Back in October of last year, I was in Sicily attending an international forum on improving patient safety. It seems a long time ago. Flying to Palermo. Sitting in a room with new people, talking. Shaking hands. Ordinary activities that seem risky propositions now.
However, the plan that arose at the meeting is more relevant than ever, as the debate on the safety of drugs for treating Covid-19 continues and the monitoring of the safety of potential vaccines will be under increased scrutiny.
The delegates came from varied backgrounds, with sometimes clashing perspectives. At times, it was hard to see how a consensus would be obtained, but an open debate did eventually lead to agreement on some core recommendations. As with most things, the clash of opposing viewpoints did strengthen those finally agreed on.1
- Raise public and professional awareness of the harms from medicines and devices.
- Shift the culture within regulatory and health care management systems from one of secrecy to one of transparency.
- Enforce existing effective regulations, revise ineffective ones, and implement effective regulations in those areas lacking appropriate regulatory infrastructure.
- Transfer from industry to healthcare systems the responsibility for providing information and support to healthcare providers on the use of medicines and devices.
- Encourage and enable prescription and use of medicines and devices that are appropriate and tailored to the needs of individual patients.
- Facilitate access to all relevant data.
- Recognize case reports, including those written by patients, as a valid and important form of evidence of harms.
- Improve baseline and continuing education of all stakeholders, including healthcare professionals, policymakers, and the public.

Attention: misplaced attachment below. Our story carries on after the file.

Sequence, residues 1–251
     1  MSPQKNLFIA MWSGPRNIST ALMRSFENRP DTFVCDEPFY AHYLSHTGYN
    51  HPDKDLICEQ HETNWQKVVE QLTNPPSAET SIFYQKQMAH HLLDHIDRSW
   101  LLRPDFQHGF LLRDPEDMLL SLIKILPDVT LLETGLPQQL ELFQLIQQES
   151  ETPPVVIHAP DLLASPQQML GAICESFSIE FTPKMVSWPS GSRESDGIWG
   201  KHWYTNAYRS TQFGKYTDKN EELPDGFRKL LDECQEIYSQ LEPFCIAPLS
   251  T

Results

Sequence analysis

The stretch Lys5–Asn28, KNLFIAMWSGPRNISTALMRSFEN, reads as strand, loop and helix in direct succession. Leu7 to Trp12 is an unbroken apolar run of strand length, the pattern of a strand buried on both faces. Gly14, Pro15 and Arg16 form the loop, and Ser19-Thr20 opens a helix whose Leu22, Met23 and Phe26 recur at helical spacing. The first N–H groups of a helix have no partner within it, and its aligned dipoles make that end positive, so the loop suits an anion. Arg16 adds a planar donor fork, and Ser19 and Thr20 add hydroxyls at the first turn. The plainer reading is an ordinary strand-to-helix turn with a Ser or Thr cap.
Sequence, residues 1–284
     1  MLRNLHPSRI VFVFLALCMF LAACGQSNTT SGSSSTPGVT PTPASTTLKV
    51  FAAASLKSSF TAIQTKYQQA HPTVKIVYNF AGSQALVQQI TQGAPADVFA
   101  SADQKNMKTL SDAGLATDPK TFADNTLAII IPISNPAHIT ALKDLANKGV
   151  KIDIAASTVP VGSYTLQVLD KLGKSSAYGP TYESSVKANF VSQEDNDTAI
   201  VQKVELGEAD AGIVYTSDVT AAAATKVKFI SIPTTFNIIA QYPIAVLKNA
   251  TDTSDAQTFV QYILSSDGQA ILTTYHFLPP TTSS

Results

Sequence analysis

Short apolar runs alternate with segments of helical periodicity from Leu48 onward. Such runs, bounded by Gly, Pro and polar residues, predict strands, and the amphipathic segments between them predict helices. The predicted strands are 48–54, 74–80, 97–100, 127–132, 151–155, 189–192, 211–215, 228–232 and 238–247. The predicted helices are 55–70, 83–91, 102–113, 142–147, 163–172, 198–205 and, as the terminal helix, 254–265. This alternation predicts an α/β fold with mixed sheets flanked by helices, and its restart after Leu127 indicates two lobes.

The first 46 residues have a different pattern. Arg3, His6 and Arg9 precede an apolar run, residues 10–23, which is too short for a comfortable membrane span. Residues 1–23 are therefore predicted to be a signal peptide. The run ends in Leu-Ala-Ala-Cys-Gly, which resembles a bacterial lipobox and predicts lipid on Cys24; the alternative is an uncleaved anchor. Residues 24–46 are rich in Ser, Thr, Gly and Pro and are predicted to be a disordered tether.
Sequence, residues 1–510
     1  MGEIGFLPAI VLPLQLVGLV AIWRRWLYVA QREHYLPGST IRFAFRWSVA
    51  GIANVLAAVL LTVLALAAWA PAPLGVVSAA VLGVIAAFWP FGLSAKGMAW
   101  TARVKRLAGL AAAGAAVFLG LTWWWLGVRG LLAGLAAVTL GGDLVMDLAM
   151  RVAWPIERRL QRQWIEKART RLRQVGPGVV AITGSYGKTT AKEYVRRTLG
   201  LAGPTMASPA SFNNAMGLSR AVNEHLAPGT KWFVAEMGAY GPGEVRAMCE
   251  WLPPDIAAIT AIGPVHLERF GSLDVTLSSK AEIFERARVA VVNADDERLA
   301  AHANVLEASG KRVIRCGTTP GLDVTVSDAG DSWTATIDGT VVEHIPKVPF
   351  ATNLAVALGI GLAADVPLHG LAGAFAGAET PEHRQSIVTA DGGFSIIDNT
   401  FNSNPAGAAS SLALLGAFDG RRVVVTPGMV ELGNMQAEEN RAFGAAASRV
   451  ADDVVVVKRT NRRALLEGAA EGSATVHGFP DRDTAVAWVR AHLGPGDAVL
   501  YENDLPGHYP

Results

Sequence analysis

- Recognize the importance of patients and carers, as well as healthcare professionals, in studying all aspects of therapy.
- Establish and continuously develop effective communication with patients and other relevant stakeholders about the potential benefits and harms of interventions to improve the basis for shared decision making about treatments.
As we move closer to having a potentially useful vaccine, the issues of transparency and openness with the public become more important. Ensuring that known harms, and benefits, are communicated honestly with the public will be crucial to obtaining public trust. Clearly communicating how safety will be monitored to find any unknown harms, and the reporting lines for suspected adverse effects, will be equally important. The days of telling people something is “safe” is long gone. Such a strategy will merely give those seeking to spread misinformation an opportunity to exploit.
In other news, I will shortly be starting a new twice monthly newsletter on drug safety issues. Many of these will touch on the recommendations from the 4Es forum. You can sign up here.
Photograph: Pharmacy, Trapani, Sicily by Anthony Cox